ALL TOLD, Outline comprises 14 group and solo exhibitions that offer a broad sweep of readings of the layers concept. It must be said, there are some pretty promising titles in there. The “15 Melodies to the Depths” exhibition is certainly high up in the thought-provoking appellation stakes. The show is due to be held at the New Spirit center, the sprawling building on Jaffa Road that housed Shaare Zedek Hospital between 1902 and 1980, and thereafter the IBA.
The name of the exhibition, it transpires, comes from deep within the Jewish scriptures subtext. Religious upbringing notwithstanding, curator Tamar Odenheimer, who also has a work on display at New Spirit, says she came across the dramatic tale by chance. 
“We had a friend of my parents, a professor of Jewish Studies at the Hebrew University, over for Shabbat dinner, and she related the legend to us,” Odenheimer recalls. “She was very excited about it.” 
The same went for the professor’s hosts.
According to the Talmudic story, King David, whom God prohibited from building the First Temple due to having “shed much blood,” decided he would dig the foundations regardless. However, it appears that he wasn’t exactly clued in on engineering requisites, and he dug down way too far, 16,000 cubits to be precise, which translates at over 7,000 meters. That’s a whopper of a pit, which set off an environmental problem, as the groundwater began to rise from the nether parts of the dig and threatened to flood the region. 
The legend has it that King David, a skilled musician, set about redressing the damage by playing 15 melodies – set to the words of the 15 Psalms that begin with the words shir lamaalot (a song of ascents) – and coaxing the bottom of the pit back up to a manageable, non-life threatening depth, thereby keeping the groundwater in its place. He also wrote the explicit name of God on a piece of paper and cast it into the excavation.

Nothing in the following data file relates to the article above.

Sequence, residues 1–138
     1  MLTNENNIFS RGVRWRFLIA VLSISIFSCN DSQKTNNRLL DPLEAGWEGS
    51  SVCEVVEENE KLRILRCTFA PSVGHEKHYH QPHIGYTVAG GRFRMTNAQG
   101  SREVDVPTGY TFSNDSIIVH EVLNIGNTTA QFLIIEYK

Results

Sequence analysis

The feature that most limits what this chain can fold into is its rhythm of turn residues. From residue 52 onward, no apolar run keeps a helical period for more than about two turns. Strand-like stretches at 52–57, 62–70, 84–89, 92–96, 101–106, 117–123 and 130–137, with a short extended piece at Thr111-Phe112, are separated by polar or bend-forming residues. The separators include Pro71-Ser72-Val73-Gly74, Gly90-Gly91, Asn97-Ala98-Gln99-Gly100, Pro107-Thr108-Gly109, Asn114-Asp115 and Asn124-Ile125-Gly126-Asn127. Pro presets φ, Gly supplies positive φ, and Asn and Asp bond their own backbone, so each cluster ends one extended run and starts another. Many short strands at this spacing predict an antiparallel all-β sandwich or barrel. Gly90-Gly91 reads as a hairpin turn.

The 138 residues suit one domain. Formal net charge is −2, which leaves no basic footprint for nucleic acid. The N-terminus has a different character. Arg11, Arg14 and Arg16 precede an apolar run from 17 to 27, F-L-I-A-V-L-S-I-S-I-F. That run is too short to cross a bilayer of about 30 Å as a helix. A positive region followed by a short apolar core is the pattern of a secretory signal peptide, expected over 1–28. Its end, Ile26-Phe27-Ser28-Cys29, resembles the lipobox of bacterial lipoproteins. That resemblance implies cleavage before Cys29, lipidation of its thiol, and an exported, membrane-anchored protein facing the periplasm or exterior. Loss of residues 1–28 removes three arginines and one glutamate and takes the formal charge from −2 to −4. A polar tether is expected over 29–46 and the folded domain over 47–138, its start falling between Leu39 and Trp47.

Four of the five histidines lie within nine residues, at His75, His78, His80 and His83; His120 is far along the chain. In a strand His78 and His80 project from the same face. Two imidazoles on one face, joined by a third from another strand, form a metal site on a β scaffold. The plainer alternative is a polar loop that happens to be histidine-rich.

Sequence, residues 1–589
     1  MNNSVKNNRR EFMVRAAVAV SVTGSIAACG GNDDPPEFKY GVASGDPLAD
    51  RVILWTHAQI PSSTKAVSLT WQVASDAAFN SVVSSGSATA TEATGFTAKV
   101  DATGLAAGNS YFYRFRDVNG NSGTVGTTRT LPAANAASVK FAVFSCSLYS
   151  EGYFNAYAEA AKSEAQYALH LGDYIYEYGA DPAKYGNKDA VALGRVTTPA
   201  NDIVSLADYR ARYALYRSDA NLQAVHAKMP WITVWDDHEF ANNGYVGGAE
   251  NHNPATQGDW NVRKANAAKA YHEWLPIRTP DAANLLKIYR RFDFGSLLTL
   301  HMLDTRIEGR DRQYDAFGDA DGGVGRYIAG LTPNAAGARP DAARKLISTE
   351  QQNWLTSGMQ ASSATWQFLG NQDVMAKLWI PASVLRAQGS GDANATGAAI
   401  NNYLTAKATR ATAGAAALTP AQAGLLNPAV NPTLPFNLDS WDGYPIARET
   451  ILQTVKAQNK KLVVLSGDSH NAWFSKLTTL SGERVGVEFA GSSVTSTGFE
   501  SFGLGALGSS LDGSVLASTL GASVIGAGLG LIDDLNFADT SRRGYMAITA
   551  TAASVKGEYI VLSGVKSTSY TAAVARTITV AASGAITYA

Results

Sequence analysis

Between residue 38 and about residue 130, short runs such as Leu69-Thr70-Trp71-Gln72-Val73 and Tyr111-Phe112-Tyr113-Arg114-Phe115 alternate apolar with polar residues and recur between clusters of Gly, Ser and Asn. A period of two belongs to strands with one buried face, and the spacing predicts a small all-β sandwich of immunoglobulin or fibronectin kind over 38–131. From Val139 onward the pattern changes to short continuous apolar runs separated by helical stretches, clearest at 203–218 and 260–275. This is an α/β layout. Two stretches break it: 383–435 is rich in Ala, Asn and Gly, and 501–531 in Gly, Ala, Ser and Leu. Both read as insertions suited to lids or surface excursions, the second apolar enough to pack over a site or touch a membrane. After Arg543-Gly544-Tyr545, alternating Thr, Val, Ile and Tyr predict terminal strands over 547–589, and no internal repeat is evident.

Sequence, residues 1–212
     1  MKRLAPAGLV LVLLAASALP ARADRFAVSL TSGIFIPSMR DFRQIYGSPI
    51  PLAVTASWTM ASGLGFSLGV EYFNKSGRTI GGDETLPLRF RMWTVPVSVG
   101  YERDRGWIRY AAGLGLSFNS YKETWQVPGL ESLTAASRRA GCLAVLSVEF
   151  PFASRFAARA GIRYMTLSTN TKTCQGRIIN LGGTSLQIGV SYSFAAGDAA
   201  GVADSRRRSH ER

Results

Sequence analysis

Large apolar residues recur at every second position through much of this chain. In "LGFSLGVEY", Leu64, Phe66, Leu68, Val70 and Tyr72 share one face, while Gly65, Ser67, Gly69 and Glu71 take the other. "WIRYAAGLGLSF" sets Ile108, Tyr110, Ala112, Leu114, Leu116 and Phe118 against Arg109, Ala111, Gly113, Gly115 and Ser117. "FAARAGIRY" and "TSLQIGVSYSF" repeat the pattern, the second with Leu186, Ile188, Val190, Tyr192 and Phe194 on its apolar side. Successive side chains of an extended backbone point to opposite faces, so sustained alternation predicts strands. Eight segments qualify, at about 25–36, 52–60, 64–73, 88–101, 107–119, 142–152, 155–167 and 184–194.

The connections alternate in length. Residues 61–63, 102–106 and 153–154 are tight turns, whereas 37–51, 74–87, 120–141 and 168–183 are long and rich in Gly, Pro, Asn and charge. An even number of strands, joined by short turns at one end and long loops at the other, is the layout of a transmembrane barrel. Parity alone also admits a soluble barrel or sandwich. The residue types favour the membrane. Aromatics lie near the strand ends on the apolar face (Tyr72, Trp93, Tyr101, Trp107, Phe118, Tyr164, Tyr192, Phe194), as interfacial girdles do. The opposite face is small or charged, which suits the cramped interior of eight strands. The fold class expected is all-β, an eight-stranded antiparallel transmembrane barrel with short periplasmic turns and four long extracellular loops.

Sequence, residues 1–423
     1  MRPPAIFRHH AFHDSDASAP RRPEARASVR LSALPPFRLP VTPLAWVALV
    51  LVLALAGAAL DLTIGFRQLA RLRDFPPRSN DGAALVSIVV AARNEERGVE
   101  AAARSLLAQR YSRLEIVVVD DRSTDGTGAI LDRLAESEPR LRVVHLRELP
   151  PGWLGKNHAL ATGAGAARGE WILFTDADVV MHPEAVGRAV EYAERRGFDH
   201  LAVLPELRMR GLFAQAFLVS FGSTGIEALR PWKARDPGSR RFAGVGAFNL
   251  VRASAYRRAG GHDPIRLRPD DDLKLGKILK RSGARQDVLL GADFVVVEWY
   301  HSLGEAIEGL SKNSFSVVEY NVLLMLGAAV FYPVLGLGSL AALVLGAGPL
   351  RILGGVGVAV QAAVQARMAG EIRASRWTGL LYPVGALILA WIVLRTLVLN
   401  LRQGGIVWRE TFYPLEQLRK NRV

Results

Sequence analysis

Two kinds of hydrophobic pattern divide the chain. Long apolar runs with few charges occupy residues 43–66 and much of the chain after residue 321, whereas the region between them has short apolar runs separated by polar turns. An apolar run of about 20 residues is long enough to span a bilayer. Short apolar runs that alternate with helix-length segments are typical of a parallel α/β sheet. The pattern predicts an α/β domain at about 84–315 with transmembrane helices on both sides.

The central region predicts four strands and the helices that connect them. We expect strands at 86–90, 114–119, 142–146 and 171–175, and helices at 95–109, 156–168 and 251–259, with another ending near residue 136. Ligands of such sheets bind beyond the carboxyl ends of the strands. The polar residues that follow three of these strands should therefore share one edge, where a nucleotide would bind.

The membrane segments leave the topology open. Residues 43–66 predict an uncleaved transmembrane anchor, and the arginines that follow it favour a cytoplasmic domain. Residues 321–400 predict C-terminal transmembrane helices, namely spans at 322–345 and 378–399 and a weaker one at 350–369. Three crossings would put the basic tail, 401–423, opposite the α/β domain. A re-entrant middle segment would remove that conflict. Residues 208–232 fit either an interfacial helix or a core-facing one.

“There is definitely an environmental message here,” says Kelner. “Just look at the flooding in places like Germany recently. That has to give us food for thought.”
That comes into the curatorial reckoning too. 
 Lior Hizgilov takes a critical view of the history of the Biblical Zoo (photographer: Lior Hizgilov) Lior Hizgilov takes a critical view of the history of the Biblical Zoo (photographer: Lior Hizgilov)
“The way we put up the works is also important,” notes Odenheimer. “We will hang them from the ceiling, like mobiles. The impression that generates is central to the exhibition. I wanted the exhibits to simulate actual reality.” 
For Odenheimer, being able to view an image from 360 degrees suits that take on the art-life balancing act. The curator also notes a work by Yam Matarasso that directly references petroleum and gas. 
“We have to think about these substances which we extract from the ground,” she says. “It is important to convey that, and the green message in general.”
The thinking behind the presentational format also took into account King David’s vantage point when he realized the enormity of his calculation blunder. 
“When you look at the illustrations hanging from the ceiling, you take a vertical view of them, which I think helps to tell the story behind all of this. The idea is also for all of the parts to make up one single body of work, including the spaces between them.”
THERE IS certainly a tale behind the Jerusalemite Petting Zoo exhibition, which will be on view in the windows of the Azrieli Gallery on Haneviim Street. 
“That was where the first zoo in Jerusalem was established, on the corner with Harav Kook Street, in the 1950s,” explains curator Tali Kayam. “It was founded by Prof. Aaron Shulov, initially as an animal petting corner.” 
Shulov was one of the first students of the Hebrew University and became an acclaimed professor of entomology. There is a neat local familial twist here. His granddaughter, Lee He Shulov, is the long-serving director of the Art Cube Artists’ Studios in Talpiot, and a respected artist in her own right.